This study juxtaposes an imaginal inquiry into the myth of Orpheus and Eurydice with a historical exegesis of the ancient religious movement generally termed Orphism, which came to be associated with it. Inviting unconscious elements into the study of myth and subsequently elaborating a theoretical analysis as well as a creative project---as this study does in the form of a screenplay adaptation---corresponds to Carl Jung's theory of the transcendent function, which states that a new level of being is possible by (...)
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  23. The Process Is the Product: A New Model for Multisite IRB Review of Data-Only Studies.Sarah Greene, Jeffrey Braff, Andrew Nelson & Robert Reid - 2010 - IRB: Ethics & Human Research 32 (3):1-6.
    Over the past decade, support for reexamining and reconsidering the U.S. model of ethics review for protocols involving research with humans has grown, particularly for studies involving participants from multiple locales and organizations. The HMO Research Network received an infrastructure-building contract in 2004 that enabled us to evaluate issues in multi-institutional IRB review, examine possible changes, and propose a new model. We conducted key informant interviews and held meetings with IRB personnel, administrators, and researchers, eventually resulting in networkwide agreement to (...)
     
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  24. Why Are VMPFC Patients More Utilitarian? A Dual-Process Theory of Moral Judgment Explains.Joshua D. Greene - 2007 - Trends in Cognitive Sciences 11 (8):322-323.
  25.  28
    The Rat-a-Gorical Imperative: Moral Intuition and the Limits of Affective Learning.Joshua D. Greene - 2017 - Cognition 167:66-77.
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  26. Emotion and Morality: A Tasting Menu.Joshua D. Greene - 2011 - Emotion Review 3 (3):227-229.
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  27.  30
    Morality and Emotion: A Tasting Menu.Joshua D. Greene - 2011 - Emotion Review 3 (3):227-229.
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  28. Debating Darwin: Adventures of a Scholar.John C. Greene - 2000 - Journal of the History of Biology 33 (1):207-210.
     
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  29. Alienation Within a Problematic of Substance and Subject.Murray Greene - forthcoming - Social Research.
     
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  30.  22
    Feminist Differings: Recent Surveys of Feminist Literary Theory and CriticismThe New Feminist Criticism: Essays on Women, Literature, and TheorySexual/Textual Politics: Feminist Literary TheoryMaking a Difference: Feminist Literary CriticismConjuring: Black Women, Fiction, and Literary TraditionFeminist Criticism and Social Change: Sex, Class, and Race in Literature and Culture. [REVIEW]June Howard, Elaine Showalter, Toril Moi, Gayle Greene, Coppelia Kahn, Marjorie Pryse, Hortense J. Spillers, Judith Newton & Deborah Rosenfelt - 1988 - Feminist Studies 14 (1):167.
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  31. Journey to the Remotest Meadow: A Reading of Catullus 11.E. Greene - 1997 - Intertexts 1:147-55.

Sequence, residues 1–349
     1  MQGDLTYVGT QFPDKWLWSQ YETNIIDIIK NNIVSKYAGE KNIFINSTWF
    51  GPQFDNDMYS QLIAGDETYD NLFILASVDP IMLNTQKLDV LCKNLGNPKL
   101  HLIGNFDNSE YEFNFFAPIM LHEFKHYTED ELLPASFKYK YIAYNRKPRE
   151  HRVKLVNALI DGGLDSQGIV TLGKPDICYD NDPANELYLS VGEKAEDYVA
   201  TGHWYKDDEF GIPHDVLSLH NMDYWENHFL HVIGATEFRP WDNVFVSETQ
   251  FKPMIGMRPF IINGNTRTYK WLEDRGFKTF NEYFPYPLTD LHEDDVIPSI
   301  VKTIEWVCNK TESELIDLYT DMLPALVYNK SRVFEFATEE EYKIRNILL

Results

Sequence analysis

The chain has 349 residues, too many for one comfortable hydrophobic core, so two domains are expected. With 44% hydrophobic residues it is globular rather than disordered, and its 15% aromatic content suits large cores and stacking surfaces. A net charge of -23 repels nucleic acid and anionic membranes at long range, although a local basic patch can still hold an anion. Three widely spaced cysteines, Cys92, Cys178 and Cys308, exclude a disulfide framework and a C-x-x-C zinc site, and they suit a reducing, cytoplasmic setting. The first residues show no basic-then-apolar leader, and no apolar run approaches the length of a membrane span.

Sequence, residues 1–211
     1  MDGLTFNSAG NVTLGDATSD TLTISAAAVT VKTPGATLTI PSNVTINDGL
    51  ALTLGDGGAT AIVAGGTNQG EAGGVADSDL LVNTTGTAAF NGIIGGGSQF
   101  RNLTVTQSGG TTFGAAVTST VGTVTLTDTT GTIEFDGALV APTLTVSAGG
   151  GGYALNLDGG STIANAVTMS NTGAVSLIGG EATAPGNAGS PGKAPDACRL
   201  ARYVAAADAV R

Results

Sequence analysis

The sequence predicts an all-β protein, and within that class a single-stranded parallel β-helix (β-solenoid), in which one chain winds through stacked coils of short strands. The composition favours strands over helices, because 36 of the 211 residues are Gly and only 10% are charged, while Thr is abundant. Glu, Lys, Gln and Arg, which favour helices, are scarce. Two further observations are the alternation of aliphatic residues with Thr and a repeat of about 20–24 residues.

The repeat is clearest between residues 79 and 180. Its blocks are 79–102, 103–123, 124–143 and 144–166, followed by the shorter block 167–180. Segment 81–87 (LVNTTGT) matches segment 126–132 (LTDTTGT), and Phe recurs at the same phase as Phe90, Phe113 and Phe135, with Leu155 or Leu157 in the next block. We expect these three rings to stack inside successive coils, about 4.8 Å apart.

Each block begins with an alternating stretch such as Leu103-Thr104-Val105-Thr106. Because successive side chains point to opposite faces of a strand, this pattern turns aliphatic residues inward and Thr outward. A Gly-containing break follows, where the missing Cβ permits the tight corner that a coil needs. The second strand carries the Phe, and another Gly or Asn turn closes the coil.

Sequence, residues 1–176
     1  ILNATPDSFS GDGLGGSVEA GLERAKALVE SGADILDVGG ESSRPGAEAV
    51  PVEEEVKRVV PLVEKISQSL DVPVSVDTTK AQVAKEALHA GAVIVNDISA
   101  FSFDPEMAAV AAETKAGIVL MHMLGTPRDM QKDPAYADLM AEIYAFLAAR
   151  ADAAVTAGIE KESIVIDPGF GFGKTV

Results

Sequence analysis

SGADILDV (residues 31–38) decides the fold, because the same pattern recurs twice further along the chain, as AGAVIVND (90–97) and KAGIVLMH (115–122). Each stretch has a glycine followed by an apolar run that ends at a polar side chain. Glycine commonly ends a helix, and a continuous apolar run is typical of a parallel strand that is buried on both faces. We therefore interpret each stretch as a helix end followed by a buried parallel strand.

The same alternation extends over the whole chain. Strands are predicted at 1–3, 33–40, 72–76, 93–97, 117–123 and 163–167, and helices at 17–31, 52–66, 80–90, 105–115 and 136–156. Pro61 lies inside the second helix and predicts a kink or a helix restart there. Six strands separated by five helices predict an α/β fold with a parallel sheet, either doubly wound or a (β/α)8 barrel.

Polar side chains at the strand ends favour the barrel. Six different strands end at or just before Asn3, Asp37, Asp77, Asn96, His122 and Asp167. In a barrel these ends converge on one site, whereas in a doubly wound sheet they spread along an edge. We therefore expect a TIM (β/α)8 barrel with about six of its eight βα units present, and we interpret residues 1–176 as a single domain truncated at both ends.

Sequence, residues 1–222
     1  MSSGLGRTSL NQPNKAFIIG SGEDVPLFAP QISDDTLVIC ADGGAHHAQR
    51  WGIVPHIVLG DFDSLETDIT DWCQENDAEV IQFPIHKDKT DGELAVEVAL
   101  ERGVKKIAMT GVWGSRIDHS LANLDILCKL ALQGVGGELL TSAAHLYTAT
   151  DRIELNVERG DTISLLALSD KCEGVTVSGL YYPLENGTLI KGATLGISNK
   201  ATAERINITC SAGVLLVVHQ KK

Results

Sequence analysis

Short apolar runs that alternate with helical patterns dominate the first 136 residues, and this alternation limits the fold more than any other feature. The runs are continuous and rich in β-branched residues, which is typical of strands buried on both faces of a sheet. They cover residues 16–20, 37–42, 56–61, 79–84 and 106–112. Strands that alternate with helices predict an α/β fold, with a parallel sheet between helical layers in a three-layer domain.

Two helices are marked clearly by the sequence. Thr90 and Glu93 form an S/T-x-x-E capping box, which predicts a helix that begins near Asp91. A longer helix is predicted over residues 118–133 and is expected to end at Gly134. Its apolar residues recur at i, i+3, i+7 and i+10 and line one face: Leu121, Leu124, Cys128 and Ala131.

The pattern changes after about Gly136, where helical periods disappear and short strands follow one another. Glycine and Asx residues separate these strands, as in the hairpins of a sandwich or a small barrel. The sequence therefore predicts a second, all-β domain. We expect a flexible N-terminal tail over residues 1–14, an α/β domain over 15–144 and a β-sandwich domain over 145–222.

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  32.  27
    Darwin as a Social Evolutionist.John C. Greene - 1977 - Journal of the History of Biology 10 (1):1-27.
  33.  32
    El concepto de posicionalidad. Introducción a la filosofia de Helmuth Plessner.Marjorie Greene - 1966 - Convivium: revista de filosofía 22:39-61.
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  34.  30
    Progress, Science, and Value: A Biological Dilemma. [REVIEW]J. C. Greene - 1991 - Biology and Philosophy 6 (1):99-106.
  35.  26
    Spivak, Gayatri Chakravorty. Death of a Discipline. New York: Columbia University Press, 2003. Pp. 136.R. Greene & E. Mechoulan - 2006 - Substance 35 (1):154-159.
  36.  6
    A Response to Beck, Giarelli/Chambliss, Leach, Tozer and Macmillan.Maxine Greene - 1991 - Educational Theory 41 (3):321-324.
  37.  40
    A Mastery of Miracles.Douglas G. Greene - 1984 - The Chesterton Review 10 (3):307-315.
  38.  24
    "Orson de Beauvais" Et l'Écriture Épique À la Fin du XIIe Siècle: Traditions Et Innovations. Jean-Pierre Martin.Virginie Greene - 2008 - Speculum 83 (1):217-218.
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  39. Willem A. De Vries, "Hegel's Theory of Mental Activity". [REVIEW]Murray Greene - 1991 - Journal of the History of Philosophy 29 (1):130.
  40.  27
    A Critical Introduction to Skepticism, by Allan Hazlett.Richard Greene - 2015 - Teaching Philosophy 38 (2):243-246.
  41.  7
    Progress, Science, and Value: A Biological Dilemma. A Review of Matthew H. Nitecki , "Evolutionary Progress". [REVIEW]J. C. Greene - 1991 - Biology and Philosophy 6 (1):99.
  42.  18
    Smart, Berkeley, the Scientists and the Poets: A Note on 18th-Century Anti-Newtonianism.D. J. Greene - 1953 - Journal of the History of Ideas 14 (1/4):327-352.
  43.  38
    A Rejection of the Epistemic Closure Principle.Richard Greene - 2001 - Southwest Philosophy Review 17 (2):59-73.
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  44.  4
    Kant's Religious Theory and its Relation to English Deism: To Serve as an Introduction to a Fresh Translation of Kant's "Religion Innerhalb der Grenzen der Bloßen Vernunft".T. M. Greene - 1924 - Dissertation, University of Edinburgh
  45.  38
    A Reading of Muriel Spark.George Greene - 1968 - Thought: Fordham University Quarterly 43 (3):393-407.
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  46.  33
    A Puzzle About Epistemic Standards.Richard Greene - 2005 - Southwest Philosophy Review 21 (1):155-161.
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  47.  20
    Why Do We Need a Computational Theory of Laboratory Tasks?Robert L. Greene - 1994 - Behavioral and Brain Sciences 17 (4):668-669.
  48.  32
    A Worry About Safety.Richard Greene - 2007 - Southwest Philosophy Review 23 (1):155-161.
  49.  26
    Philosophy of Education and the Liberal Arts: A Proposal.Maxine Greene - 1959 - Educational Theory 9 (1):50-61.
  50.  33
    Schubert's "Winterreise": A Study in the Aesthetics of Mixed Media.David B. Greene - 1970 - Journal of Aesthetics and Art Criticism 29 (2):181-193.